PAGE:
The Fair Labor Standards Act (FLSA) establishes certain federal employment regulations regarding wages, hours, and employee classification. However, the FLSA does not require employers to give employees rest or meal periods. Rather, state law determines whether employers must provide rest periods, meal periods, or both. While some states provide workers with these advantages, others, such as New Jersey, do not. New Jersey employers are not required to provide employees with rest or meal periods, although they must still comply with federal law should they choose to do so.
If New Jersey employers choose to give employees rest or meal periods, they must follow federal law. Federal law states that short breaks, usually between five and 20 minutes, are common and promote employee efficiency. Such short breaks are considered compensable work time that should be included in the total number of hours worked during the week.
However, these breaks must actually be taken and may not be offset against other working time. They may also not be extended beyond the amount of time prescribed by the employer. Rest periods do not have to be compensated if a New Jersey employer decides not to give them. Therefore, authorized rest periods are considered part of the workday and must be compensated only if a New Jersey employer decides to offer employees such breaks in the first place.
If New Jersey employers choose to give employees meal periods, they may have to pay employees for that time depending whether they are considered bona fide meal periods according to federal law. Federal law defines bona fide meal periods as rest periods, which are usually at least 30 minutes in duration.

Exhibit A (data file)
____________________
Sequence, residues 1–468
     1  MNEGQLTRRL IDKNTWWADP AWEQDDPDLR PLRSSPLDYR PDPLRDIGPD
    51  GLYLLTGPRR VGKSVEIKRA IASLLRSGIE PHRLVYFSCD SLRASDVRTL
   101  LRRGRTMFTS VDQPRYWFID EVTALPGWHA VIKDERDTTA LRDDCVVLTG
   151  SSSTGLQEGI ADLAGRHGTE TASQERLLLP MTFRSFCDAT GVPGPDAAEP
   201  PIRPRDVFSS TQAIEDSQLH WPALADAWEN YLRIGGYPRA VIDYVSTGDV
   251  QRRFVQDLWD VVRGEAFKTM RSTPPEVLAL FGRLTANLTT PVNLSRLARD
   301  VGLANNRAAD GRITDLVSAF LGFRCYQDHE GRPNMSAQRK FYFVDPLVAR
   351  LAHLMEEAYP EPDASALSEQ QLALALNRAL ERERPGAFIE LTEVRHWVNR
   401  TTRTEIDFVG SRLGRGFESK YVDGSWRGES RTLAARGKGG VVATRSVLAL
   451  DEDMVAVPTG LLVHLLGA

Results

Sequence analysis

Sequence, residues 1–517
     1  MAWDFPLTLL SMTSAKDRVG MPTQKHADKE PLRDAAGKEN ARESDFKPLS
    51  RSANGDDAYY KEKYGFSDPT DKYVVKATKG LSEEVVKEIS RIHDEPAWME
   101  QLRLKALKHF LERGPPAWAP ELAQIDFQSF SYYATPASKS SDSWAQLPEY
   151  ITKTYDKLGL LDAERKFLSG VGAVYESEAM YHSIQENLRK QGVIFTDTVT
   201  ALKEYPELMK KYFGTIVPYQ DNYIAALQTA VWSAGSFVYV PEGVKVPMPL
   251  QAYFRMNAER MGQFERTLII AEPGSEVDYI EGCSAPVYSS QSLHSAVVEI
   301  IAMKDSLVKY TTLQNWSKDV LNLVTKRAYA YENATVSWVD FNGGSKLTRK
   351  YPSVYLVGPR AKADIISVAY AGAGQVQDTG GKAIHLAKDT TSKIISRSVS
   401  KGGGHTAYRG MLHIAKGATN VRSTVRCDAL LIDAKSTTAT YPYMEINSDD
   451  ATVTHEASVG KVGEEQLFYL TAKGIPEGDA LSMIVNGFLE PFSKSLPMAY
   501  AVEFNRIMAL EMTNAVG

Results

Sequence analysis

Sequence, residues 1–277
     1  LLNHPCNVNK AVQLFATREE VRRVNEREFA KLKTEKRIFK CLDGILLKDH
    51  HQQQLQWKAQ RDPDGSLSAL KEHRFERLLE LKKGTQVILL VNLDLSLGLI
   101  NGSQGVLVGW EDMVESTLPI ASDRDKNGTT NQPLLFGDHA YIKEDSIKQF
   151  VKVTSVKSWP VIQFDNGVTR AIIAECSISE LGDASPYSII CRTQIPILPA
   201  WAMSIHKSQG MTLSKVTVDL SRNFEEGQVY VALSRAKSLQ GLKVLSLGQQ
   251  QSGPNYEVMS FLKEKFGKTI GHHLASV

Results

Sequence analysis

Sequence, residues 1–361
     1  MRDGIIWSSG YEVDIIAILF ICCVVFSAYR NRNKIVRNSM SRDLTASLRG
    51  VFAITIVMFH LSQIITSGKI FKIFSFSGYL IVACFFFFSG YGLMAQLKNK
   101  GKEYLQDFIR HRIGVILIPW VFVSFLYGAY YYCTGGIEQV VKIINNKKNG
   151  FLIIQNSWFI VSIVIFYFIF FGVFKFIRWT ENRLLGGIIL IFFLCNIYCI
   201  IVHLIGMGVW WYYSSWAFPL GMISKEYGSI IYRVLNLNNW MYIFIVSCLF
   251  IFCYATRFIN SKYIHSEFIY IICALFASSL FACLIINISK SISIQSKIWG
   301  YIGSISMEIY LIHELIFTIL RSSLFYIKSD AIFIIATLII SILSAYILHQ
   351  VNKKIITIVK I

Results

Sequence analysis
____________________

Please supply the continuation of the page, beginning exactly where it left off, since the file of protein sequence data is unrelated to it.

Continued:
Employees are considered working if they are required to perform any duties, active or inactive, while eating. However, employees do not have to leave the premises in order to take a bona fide meal period. For example, if a receptionist is required to eat lunch at their desk, they are still considered to be working and not completely relieved of their duties. Similarly, an employee who eats lunch while driving from one job site to the next is still working and must be paid for that time. Therefore, in order to constitute as a bona fide meal period which does not have to be compensated, an employee may be on the premises but must not be performing any duties while eating.
New Jersey Employees Under 18
There is one exception to New Jersey law that does not require employers to give employees breaks – a mandatory break law that applies to minors under the age of 18. After five consecutive hours of work, employees under the age of 18 must be given a 30-minute meal period. All other employees over the age of 18 are not subject to the mandatory break law, but rather only to company policy.
Cherry Hill Employment Lawyers at McOmber McOmber & Luber, P.C. Represent Employees in Rest and Meal Break Disputes
If your employer has chosen to provide rest breaks and you have not been compensated for them, or if your employer has chosen to provide bona fide meal breaks but you have not been allowed to take them, contact a Cherry Hill employment lawyer at McOmber McOmber & Luber, P.C..
We can help you understand your rights and options. We provide experienced representation in employment law matters to clients throughout New Jersey, including Cherry Hill, Red Bank, Middletown and Marlton.